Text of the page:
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KP: Pakistan's next tourism hotspot

Updated 24 Jun, 2020 03:18pm
Is a thriving tourism sector soon to be at the forefront of KPK’s growth?

The province of Khyber Pakhtunkhwa (KPK) is Pakistan’s third largest province in terms of population and economy, and the smallest in terms of size. Boasting a rich history dating from the period of the Indus Valley and the birth of Buddhism, and extending to the Persian and the Mughal Empires, the area has a vast repertoire of diverse historical, religious and cultural heritage. In fact, diverse is one of the best descriptors that can be attached to KPK, whether one is referring to its geography, climate, languages, or ethnicities.

KPK is home to several treasures of local and global significance, and as the world slowly becomes cognisant of these hidden gems, there is considerable incentive to develop the tourism sector. Eighteen of Pakistan’s 29 nature parks are located within the confines of the province as well as a forts, archaeological sites and mosques.

The provincial government has taken notice of the potential for tourism and efforts are being made to boost the industry, with government expenditure going from Rs 86.23 million in 2013 to Rs 791 million in 2019. In this respect, the provincial government has been particularly farsighted in introducing a number of projects and policies to elevate the tourism industry to greater levels; the most significant is the introduction of Tourism Zones which will regulate commercial activities within tourism destinations as well as encourage foreign direct investment. According to the provincial minister for tourism, Atif Khan, 81 national and international companies have expressed interest in investing in four different tourism zones.

In addition to Galiyat, Naran and the Swat valley, the provincial government has identified 14 new destinations that will be developed as tourist destinations. An integrated plan has been prepared and includes infrastructure such as roads and highways, policy intervention and tourist facilitation services. The provincial government has recently kicked off the $70 million Khyber Pakhtunkhwa Integrated Tourism and Enterprise Development (KITE) project, with financing from the World Bank to improve infrastructure, enhance tourism assets and strengthen destination management for sustainable tourism development. By opening up more designated destinations and expressing intent to collaborate with the private sector, the government intends to expand the list of sites available to local and international tourists, thereby reducing the burden on existing locations.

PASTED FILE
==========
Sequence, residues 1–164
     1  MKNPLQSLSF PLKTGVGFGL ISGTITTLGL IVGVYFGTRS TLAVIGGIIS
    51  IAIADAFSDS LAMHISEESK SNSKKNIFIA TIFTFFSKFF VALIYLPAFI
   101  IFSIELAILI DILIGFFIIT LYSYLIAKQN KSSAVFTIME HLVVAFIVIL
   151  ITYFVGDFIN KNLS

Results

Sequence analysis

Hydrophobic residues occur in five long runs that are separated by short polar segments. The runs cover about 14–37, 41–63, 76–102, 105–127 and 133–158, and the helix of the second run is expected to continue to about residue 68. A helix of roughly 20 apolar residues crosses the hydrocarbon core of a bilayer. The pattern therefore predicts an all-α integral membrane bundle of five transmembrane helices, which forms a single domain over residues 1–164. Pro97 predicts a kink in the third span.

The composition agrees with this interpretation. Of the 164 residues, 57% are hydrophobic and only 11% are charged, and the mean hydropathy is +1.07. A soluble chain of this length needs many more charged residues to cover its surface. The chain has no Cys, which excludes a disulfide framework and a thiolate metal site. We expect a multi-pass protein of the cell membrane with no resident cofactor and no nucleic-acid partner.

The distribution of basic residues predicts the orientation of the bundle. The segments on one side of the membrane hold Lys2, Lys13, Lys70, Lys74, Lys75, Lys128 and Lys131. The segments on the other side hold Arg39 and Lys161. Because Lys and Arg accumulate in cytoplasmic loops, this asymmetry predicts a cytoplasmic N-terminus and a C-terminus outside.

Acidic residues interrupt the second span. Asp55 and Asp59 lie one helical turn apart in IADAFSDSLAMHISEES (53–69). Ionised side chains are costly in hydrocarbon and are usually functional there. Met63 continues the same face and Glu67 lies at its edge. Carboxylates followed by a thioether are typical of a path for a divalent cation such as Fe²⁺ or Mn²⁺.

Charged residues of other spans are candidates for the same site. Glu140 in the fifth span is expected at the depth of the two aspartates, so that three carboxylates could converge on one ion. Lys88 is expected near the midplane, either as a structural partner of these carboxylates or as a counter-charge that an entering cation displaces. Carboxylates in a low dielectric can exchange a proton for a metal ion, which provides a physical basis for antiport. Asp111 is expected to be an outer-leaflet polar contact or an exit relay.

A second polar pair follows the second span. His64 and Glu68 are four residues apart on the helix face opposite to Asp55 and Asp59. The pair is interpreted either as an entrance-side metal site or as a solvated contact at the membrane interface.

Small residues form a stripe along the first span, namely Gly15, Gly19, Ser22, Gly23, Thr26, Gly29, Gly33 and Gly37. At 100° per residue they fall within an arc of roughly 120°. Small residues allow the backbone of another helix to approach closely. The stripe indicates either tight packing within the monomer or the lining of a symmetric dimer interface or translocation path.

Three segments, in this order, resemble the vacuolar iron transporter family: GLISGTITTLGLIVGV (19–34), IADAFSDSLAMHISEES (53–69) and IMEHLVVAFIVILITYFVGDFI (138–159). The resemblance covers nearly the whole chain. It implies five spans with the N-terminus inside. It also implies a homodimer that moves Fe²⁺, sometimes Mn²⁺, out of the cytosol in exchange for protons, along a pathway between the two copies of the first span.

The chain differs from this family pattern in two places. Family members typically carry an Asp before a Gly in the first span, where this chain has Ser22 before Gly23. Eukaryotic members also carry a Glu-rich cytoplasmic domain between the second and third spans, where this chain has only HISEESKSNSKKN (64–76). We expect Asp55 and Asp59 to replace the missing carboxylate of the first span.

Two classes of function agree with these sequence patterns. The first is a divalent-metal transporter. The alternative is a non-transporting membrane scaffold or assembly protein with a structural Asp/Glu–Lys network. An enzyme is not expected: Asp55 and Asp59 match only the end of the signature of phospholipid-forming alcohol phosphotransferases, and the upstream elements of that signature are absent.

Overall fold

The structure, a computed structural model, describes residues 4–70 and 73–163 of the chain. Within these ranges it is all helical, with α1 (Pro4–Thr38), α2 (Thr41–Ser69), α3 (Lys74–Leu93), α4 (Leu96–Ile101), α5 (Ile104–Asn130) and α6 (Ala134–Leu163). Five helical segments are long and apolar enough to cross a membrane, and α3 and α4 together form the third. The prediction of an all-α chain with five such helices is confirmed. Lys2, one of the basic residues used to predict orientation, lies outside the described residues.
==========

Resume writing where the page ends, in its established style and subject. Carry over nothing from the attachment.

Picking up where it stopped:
The expansion of tourism owes a great deal to both the domestic and foreign tourists who made the effort to travel to these far off places even at a time when amenities were scarce. By sharing their experiences they have encouraged others to visit these parts. On this score it is essential to have unbiased travellers willing to highlight various sites through photography, videography, or travel literature. Not only does this bring some much neglected sites to the forefront, it also forces authorities to be accountable for the services they have promised to undertake as caregivers of these sites.

Efforts have also been made to make international tourism easier by providing visa on arrival for as many as 16 countries. By making the process as seamless as possible, at the very least a cumbersome application process will not be what keeps a visitor away.

As the tourism in the area is encouraged, it we bring benefits to local residents by creating jobs and providing incentives for the preservation of cultural heritage sites as well as ensuring the revival of handicrafts specific to a particular area. Tourism tends to bring attention to aspects of a region that are specific to it, such as language, clothes, handicrafts, food, and customs and lifestyles. As demand increases, local artisans will have greater motivation to disseminate the knowledge of their craft to fill the growing need, thus ensuring the renewed longevity of significant aspects of culture.

Digital platforms have also emerged to facilitate travellers along their routes - from accommodation, to location maps, to travel itineraries, to service help-lines. These tools ensure that standards can be met, and provide users the opportunity to influence the services they would like to see provided.

Concurrently with these efforts, is important to take steps to preserve the environment and heritage of the locations. Common issues that arise in the face of a sudden surge of tourist activity can be an influx of traffic, subpar waste management, pollution of local ecologies and degradation of infrastructure.

It is also necessary that the local administration ensures ease of travel and provides security, especially for women travellers, so that a significant segment of the population is not deprived of these activities. The introduction of the required infrastructure must be assured in order to facilitate visitors and ensure they do not damage the ecology of the surroundings. In terms of historic sites, special funds and dedicated teams must be allocated to preserve and restore them. All of these steps must precede a surge in tourists, so any negative outcomes can be avoided.

In view of the projects and policies under implementation, it is hoped that in the coming years a thriving tourism sector will be at the forefront of KPK’s growth.

Muhammad Uzair leads Blimp, a digital marketing & PR agency based in Peshawar.